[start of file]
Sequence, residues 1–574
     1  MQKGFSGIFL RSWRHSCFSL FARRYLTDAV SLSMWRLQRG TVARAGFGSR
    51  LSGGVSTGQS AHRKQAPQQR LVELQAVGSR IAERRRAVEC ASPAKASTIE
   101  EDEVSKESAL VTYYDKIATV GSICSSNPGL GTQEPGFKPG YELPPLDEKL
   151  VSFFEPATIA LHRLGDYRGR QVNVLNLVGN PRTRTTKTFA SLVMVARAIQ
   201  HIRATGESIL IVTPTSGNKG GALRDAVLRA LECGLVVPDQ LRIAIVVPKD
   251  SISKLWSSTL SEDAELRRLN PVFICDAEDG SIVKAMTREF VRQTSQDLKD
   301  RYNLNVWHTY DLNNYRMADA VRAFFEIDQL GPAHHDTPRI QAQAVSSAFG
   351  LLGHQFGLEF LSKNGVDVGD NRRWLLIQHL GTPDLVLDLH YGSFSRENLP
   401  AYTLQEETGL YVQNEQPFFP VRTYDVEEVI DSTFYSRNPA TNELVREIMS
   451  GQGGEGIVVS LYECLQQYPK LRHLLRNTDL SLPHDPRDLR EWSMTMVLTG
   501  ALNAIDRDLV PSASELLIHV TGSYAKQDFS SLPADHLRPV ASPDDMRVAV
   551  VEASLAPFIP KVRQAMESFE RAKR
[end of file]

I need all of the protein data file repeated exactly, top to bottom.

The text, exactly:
Sequence, residues 1–574
     1  MQKGFSGIFL RSWRHSCFSL FARRYLTDAV SLSMWRLQRG TVARAGFGSR
    51  LSGGVSTGQS AHRKQAPQQR LVELQAVGSR IAERRRAVEC ASPAKASTIE
   101  EDEVSKESAL VTYYDKIATV GSICSSNPGL GTQEPGFKPG YELPPLDEKL
   151  VSFFEPATIA LHRLGDYRGR QVNVLNLVGN PRTRTTKTFA SLVMVARAIQ
   201  HIRATGESIL IVTPTSGNKG GALRDAVLRA LECGLVVPDQ LRIAIVVPKD
   251  SISKLWSSTL SEDAELRRLN PVFICDAEDG SIVKAMTREF VRQTSQDLKD
   301  RYNLNVWHTY DLNNYRMADA VRAFFEIDQL GPAHHDTPRI QAQAVSSAFG
   351  LLGHQFGLEF LSKNGVDVGD NRRWLLIQHL GTPDLVLDLH YGSFSRENLP
   401  AYTLQEETGL YVQNEQPFFP VRTYDVEEVI DSTFYSRNPA TNELVREIMS
   451  GQGGEGIVVS LYECLQQYPK LRHLLRNTDL SLPHDPRDLR EWSMTMVLTG
   501  ALNAIDRDLV PSASELLIHV TGSYAKQDFS SLPADHLRPV ASPDDMRVAV
   551  VEASLAPFIP KVRQAMESFE RAKR